Archive for April, 2021

Apr 30 2021

Organic Electrochemical Synaptic Transistor

The title of this post should be provocative, if you think about it for a minute. For “organic” read flexible, soft, and biocompatible. An electrochemical synapse is essentially how mammalian brains work. So far we can be talking about a biological brain, but the last word, “transistor”, implies we are talking about a computer. This technology may represent the next step in artificial intelligence, developing a transistor that more closely resembles the functioning of the brain.

Let’s step back and talk about how brains and traditional computers work. A typical computer, such as the device you are likely using to read this post, has separate memory and logic. This means that there are components specifically for storing information, such as RAM (random-access memory), cache memory (fast memory that acts as a buffer between the processor and RAM) and for long-term storage hard drives and solid state drives. There are also separate components that perform logic functions to process information, such as the central CPU (central processing unit), graphics card, and other specialized processors.

The strength of computers is that they can perform some types of processing extremely fast, such as calculating with very large numbers. Memory is also very stable. You can store a billion word document and years later it will be unchanged. Try memorizing a billion words. The weakness of this architecture is that it is very energy intensive, largely because of the inefficiency of constantly having to transfer information from the memory components to the processing components. Processors are also very linear – they do one thing at a time. This is why more modern computers use multi-core processors, so they can have some limited multi-tasking.

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Apr 29 2021

Evolution of Multicellularity

Published by under Evolution

When studying the history of life evolutionary biologists and paleontologists have no choice but to look where the light is good. There are fossil windows into specific times and places in the past, and through these we glimpse a moment in biological history. We string these moments together to map out the past, but we know there are a lot of missing pieces.

One relatively dark passage in the history of life is the evolution of multicellularity. Beginning about 541 million years ago (mya) we can see the beginning of the Cambrian explosion – the appearance of a vast diversity of multicellular life. But this “explosion” was only partly due to rapid adaptive radiation, it is also an artifact of the evolution of hard parts that can fossilize. That development turned on the lights. The earliest known single-celled organisms are 3.77 billion years old, so we have a 3 billion year time span during which a lot must have happened. We know from changes in the atmosphere that cells evolved that could use sunlight to produce oxygen, and other critters evolved to eat them.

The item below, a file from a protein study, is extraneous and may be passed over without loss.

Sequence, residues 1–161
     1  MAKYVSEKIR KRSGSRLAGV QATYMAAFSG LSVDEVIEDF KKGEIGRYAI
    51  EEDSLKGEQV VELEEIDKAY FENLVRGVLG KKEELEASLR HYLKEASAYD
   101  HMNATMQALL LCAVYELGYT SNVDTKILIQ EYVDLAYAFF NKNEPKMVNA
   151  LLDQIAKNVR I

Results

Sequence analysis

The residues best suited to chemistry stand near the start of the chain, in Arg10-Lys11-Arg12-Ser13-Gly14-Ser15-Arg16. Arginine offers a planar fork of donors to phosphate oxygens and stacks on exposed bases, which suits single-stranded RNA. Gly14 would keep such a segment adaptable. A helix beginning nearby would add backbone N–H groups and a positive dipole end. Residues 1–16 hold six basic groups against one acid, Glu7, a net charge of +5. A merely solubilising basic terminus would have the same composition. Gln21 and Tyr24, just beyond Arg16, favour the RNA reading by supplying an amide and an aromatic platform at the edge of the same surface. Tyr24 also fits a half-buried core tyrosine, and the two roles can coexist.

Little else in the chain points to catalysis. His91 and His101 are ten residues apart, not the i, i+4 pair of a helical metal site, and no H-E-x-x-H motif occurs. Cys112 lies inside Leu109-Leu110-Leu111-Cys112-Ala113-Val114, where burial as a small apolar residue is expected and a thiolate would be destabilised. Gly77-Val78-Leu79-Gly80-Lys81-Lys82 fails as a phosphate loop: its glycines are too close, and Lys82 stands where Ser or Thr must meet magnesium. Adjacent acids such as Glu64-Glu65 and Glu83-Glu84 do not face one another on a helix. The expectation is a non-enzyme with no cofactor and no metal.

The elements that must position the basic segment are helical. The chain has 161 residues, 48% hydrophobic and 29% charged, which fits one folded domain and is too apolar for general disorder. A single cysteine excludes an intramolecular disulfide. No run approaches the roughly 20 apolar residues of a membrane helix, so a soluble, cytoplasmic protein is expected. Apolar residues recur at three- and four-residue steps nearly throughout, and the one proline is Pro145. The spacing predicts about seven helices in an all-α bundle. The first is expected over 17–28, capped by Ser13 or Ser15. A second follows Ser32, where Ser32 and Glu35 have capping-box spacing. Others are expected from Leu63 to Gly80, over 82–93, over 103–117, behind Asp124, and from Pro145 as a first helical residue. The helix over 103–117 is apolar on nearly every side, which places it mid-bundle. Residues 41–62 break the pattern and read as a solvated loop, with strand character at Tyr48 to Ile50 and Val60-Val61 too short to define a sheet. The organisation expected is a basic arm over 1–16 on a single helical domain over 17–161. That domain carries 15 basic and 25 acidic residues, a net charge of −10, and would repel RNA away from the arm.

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Apr 27 2021

What Happens to Old Batteries?

Published by under Technology

Battery technology has been consistently improving for decades, making possible the shift to EV cars. Tesla’s North American Model S Long Range Plus now has an official range of 402 miles. At the low end EVs have ranges >250 miles. And every year they get a little better. At some point improving battery capacity will translate into smaller and cheaper batteries rather than just increased range. I wonder what that point will be. In other words, if you could have a car with a range anywhere from 500 miles to 5,000 miles, what would you pay for? Where is the optimal cost vs benefit?

Batteries are also increasingly a good idea for grid storage. Batteries have a lot of features that make them desirable for grid-level storage. They have good energy and power density, and can provide as-needed (dispatchable) energy almost instantly. You don’t need to ramp up a turbine – the energy is just there. They have great round-trip efficiency (rivaled only by pumped hydro), meaning little energy is lost in the storage and supply of energy.  They maintain their energy for a long enough time (they have slow self-discharge). They also have decent lifespans – charge-discharge cycles.

There are already battery grid storage facilities with 100-300 megawatt capacity, with more in the works, including a 409 megawatt system in South Florida. It is now cheaper for some utility companies to build a battery storage facility to add dispatchable capacity then to build a natural gas powered plant. There are other methods of grid storage, but batteries have had an increasing share of storage capacity over the last decade. But anytime one technology scales up by orders of magnitude, we may run into resource and infrastructure limitations. At some point we are going to stress our supplies of lithium, for example. As we radically change our energy infrastructure, therefore, we need to plan for a sustainable system. That means we need to think about what happens to batteries throughout their lifespan.

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Apr 26 2021

Political Polarization is Exaggerated

Published by under Skepticism